Another interesting tidbit about Farrell is someone who will probably not be on the coaching staff (or maybe he will), Jason Varitek.  Varitek was hired as a special assistant to the general manager last month.  Varitek has always been known as a great baseball-mind, and I’m sure he worked very closely with Farrell and the pitching staff in the past.  Could the knowledge between Varitek and Farrell turn this team, and especially the pitching, around?  My guess is Varitek with be a coach on Farrell’s staff at some point in the next three years.

John Farrell commands respect, you can tell by the way he handles himself.  I didn’t watch very much of the press conference yesterday (I do work, afterall), but what little I did see, was a vast difference from what we saw less than a year ago when Bobby Valentine was announced as manager.  Farrell and Cherington were at the podium together, not encased with Henry, Lucchino, and Werner.  Farrell took a picture holding his jersey, not doing the whole “putting the jersey on like a player signing” thing.  There was very much a partnership between Farrell and Cherington, something that was lacking this past season with Cherington and Valentine.

Only time will tell how John Farrell’s tenure will be with the Boston Red Sox.  The team needs a lot of work to succeed into the postseason again, but the Sox may have finally found the man who can help get that done.  To think, the man who many wanted to replace Francona if he was ever to leave the Red Sox is fulfilling that prophecy (with only one, rough speedbump to get over).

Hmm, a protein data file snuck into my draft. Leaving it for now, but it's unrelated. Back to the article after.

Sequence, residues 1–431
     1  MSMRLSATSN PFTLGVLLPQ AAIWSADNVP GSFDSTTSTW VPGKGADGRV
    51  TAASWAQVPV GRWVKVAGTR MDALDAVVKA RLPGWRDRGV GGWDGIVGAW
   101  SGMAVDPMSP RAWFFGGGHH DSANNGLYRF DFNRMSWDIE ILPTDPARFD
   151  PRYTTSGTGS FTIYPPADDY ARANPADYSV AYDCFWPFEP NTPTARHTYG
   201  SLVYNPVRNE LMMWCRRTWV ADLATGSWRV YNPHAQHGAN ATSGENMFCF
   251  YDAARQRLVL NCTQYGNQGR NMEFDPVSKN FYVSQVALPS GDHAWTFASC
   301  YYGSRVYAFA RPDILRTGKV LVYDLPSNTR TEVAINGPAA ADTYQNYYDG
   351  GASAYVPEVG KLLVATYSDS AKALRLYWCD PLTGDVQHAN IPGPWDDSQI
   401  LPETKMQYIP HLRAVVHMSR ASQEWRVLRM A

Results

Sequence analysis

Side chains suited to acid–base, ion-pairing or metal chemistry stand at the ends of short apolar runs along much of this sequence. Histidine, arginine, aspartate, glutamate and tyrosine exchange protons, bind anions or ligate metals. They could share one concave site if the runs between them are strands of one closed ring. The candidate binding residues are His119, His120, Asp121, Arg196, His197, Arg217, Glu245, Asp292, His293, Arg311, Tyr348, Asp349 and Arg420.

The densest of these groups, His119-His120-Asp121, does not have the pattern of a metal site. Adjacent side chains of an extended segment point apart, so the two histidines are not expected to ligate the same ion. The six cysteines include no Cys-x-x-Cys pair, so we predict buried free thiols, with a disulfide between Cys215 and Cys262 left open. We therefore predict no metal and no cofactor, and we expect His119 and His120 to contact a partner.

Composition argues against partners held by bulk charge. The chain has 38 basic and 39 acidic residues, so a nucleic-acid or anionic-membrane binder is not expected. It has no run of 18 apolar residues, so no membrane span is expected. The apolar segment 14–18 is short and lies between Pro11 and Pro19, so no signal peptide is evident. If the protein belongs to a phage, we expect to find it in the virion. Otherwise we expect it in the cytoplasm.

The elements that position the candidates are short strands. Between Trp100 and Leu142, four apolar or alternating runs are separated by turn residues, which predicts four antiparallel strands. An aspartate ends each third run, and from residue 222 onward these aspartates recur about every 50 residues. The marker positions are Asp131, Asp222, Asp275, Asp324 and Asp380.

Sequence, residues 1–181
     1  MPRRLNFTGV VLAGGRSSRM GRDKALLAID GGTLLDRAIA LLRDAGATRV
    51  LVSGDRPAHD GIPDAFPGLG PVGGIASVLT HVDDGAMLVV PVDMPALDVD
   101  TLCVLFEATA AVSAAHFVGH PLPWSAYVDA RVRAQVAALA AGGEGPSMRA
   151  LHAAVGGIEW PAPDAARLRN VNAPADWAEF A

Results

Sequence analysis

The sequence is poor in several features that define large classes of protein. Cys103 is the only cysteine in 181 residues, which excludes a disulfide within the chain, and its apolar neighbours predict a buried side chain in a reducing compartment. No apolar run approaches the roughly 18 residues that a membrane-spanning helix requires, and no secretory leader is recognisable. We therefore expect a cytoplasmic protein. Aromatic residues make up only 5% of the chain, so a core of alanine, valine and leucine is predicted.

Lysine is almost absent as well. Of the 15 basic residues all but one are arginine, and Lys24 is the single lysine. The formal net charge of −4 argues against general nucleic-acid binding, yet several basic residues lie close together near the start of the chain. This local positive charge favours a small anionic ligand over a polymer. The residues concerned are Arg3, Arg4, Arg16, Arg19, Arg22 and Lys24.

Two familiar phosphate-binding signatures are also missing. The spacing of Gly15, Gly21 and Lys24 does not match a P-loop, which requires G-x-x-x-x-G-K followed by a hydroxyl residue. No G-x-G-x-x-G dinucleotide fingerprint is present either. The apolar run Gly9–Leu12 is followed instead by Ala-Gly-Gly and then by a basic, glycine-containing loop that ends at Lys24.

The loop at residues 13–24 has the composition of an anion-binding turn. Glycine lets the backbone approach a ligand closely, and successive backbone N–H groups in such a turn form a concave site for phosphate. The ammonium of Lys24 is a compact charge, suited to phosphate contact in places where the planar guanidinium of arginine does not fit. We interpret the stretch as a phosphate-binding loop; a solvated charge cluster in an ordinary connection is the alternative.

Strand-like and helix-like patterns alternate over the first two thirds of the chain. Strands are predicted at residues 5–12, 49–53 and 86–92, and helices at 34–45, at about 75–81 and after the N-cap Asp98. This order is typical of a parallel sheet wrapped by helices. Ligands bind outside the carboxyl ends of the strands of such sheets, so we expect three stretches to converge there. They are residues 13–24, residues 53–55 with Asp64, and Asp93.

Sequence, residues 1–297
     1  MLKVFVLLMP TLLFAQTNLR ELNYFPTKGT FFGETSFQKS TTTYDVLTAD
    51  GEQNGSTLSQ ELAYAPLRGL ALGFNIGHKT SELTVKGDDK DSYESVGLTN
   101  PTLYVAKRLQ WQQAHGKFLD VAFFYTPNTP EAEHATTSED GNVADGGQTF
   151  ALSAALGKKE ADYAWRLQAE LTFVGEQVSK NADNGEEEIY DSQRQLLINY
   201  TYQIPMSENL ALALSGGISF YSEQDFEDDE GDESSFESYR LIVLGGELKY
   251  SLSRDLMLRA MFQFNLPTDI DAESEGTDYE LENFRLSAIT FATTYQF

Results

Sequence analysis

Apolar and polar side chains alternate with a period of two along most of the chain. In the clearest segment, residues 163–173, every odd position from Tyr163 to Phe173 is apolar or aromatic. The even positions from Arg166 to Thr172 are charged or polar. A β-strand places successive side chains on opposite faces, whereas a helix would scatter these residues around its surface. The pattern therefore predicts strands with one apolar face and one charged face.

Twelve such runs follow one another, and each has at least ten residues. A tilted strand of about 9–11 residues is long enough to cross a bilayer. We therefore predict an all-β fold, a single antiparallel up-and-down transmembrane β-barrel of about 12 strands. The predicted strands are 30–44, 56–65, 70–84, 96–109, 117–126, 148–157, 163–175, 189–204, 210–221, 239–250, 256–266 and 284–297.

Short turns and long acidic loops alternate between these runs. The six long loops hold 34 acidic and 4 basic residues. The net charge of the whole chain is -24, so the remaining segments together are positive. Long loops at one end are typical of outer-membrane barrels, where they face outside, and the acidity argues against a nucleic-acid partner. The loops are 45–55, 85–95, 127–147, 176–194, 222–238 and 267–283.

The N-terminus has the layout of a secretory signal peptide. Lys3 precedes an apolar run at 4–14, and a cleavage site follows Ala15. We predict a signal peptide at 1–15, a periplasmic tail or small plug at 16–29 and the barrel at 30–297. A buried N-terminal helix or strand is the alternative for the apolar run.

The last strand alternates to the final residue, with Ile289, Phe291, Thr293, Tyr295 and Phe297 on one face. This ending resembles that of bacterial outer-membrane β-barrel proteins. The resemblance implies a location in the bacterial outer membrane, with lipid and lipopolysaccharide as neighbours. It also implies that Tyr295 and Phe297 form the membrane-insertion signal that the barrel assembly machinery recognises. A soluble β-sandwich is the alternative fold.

Welcome Back... to the Blog!

It has been months since I have updated the blog.  As I posted on my last blog, it was hard to get excited about team that didn’t seem too excited to play.  I did watch (at least parts) of mostly every game towards the end of the season, but it was difficult.  Valentine wasn’t managing the way the players needed him to manage- with passion.  Players were injured, players were returning from injuries, and players so far down on the depth-chart that they seemed to come out of nowhere were starting.

I know these should not be excuses.  I love the Sox; I have always loved the Sox.  Watching and writing about this team everyday was like reliving a nightmare, over and over and over again. 

So, with that all said, I have decided I will write in the blog when I choose.  It’s the offseason (well, the World Series starts tonight, but it’s the offseason for the Sox).  The Red Sox have fired Valentine, traded for/hired Farrell as manager, and there’s a new sense of optimism.  Heck, even I, who is very pessimistic with this team at times, have a new sense of optimism after the Farrell signing.  When things come up this Hot Stove Season that I feel the need to write about, I will write. 

Honestly, I need to get back into the groove of writing.  Writing is a passion of mine, as well as the Sox.  I identify myself as a writer, and I need to make it a priority again.  So, without further adieu, welcome back to the blog and enjoy my post about the new Red Sox manager, John Farrell.